Change Management COVID

The pandemic brought change and uncertainty on many levels, personally and professionally, and even if you’re still getting over the shock, we must keep moving to face our new reality.

Born late in April, as per astrology definition, I’m a Taurus—usually described as someone who fears change. Well, so far I’ve lived in four continents, six countries and 13 different cities. If you haven’t moved around much, trust me, packing up your life over and over across the world involves quite a bit of change and, more importantly, the agility to adapt.

Regardless of your zodiac sign, the extreme change we’ve seen this year has been challenging for all of us, and people have accepted it at different paces, which is not uncommon. Realistically, you can’t force people to adapt faster or at the same pace as you. We are all unique.

Remain Cautiously Optimistic

In the hospitality industry, some have started to see the light at the end of the tunnel, and even if we don’t know how long it will take to get to the light, we know it’s there. I’ve been encouraged by the positivity I’ve seen. Overall, I think there is more certainty about the resilience of the industry than ever.

Certainly, there is uncertainty around the recovery pace, which varies by hotel, city and country, as well as uncertainty around the type of business that will come back first or how much market share there is to gain. However, with some contextual information, hotel leaders are now able to develop new plans and strategies focusing on new opportunities and a more customer-centric approach.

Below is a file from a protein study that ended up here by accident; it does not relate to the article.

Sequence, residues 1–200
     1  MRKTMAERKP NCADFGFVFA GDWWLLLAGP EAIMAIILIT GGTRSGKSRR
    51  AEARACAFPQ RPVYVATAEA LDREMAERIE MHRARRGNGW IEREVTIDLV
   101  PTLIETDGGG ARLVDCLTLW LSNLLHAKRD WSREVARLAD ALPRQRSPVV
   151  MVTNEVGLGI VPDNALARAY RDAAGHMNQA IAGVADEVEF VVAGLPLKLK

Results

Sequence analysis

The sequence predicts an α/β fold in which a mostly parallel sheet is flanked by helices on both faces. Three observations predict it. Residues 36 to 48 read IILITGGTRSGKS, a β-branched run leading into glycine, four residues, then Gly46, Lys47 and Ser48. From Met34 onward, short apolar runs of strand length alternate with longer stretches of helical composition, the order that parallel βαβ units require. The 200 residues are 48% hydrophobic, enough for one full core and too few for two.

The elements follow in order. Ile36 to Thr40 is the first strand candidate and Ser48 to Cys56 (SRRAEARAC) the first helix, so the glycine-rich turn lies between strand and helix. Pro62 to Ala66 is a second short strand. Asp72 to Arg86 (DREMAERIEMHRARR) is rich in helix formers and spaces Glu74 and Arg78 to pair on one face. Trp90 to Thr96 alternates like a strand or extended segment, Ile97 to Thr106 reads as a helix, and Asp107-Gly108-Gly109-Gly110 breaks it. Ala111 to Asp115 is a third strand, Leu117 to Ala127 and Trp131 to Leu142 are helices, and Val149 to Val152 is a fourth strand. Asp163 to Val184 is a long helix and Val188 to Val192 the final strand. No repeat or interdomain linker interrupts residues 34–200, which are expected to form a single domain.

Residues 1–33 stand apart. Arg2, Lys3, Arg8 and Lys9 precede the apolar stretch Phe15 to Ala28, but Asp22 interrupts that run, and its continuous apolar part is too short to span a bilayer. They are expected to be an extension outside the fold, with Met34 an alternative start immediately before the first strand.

Some leaders are just getting back into their jobs. Others have been in reactive mode and are just now starting to process everything and determine how best to prepare for the re-launch. Personally, I’ve learned the importance of listening with understanding and empathy and teaching those around me to do the same. We were all faced with different circumstances, some with kids at home running around, others isolated or jobless, and so on.

I’d already been working from home for a few years now, and I’ve learned to recognize people’s emotions and struggles in their voices. During the last couple months, I’ve reached out to people across the industry to listen to their stories, and even if I’m not able to do much about their situation, by listening with understanding and empathy, I have been able to help them more than I thought—and also help myself.

Seek Greater Understanding

I think a lot about the impact organizations are having with less resources, leading to people having to wear multiple hats and, at the same time, stay innovative to come up with new strategies and plans. In my experience, groups of people can come up with better and different ideas, but you’ll need to be open to collaborating with and influencing others. Also, from a community perspective, the more collaboration you get from businesses around you, the better offers you could potentially put together and not only help your own business, but your community in general.